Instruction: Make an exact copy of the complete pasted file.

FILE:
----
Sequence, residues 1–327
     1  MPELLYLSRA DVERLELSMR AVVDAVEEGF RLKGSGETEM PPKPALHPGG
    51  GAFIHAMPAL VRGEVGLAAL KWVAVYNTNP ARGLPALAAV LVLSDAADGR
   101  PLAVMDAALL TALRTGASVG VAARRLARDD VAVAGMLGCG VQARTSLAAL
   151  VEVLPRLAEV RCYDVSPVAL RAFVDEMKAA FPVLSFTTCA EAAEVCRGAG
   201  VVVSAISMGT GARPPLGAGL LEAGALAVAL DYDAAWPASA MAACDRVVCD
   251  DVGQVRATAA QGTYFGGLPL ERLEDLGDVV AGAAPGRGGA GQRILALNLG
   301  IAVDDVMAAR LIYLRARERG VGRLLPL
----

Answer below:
Sequence, residues 1–327
     1  MPELLYLSRA DVERLELSMR AVVDAVEEGF RLKGSGETEM PPKPALHPGG
    51  GAFIHAMPAL VRGEVGLAAL KWVAVYNTNP ARGLPALAAV LVLSDAADGR
   101  PLAVMDAALL TALRTGASVG VAARRLARDD VAVAGMLGCG VQARTSLAAL
   151  VEVLPRLAEV RCYDVSPVAL RAFVDEMKAA FPVLSFTTCA EAAEVCRGAG
   201  VVVSAISMGT GARPPLGAGL LEAGALAVAL DYDAAWPASA MAACDRVVCD
   251  DVGQVRATAA QGTYFGGLPL ERLEDLGDVV AGAAPGRGGA GQRILALNLG
   301  IAVDDVMAAR LIYLRARERG VGRLLPL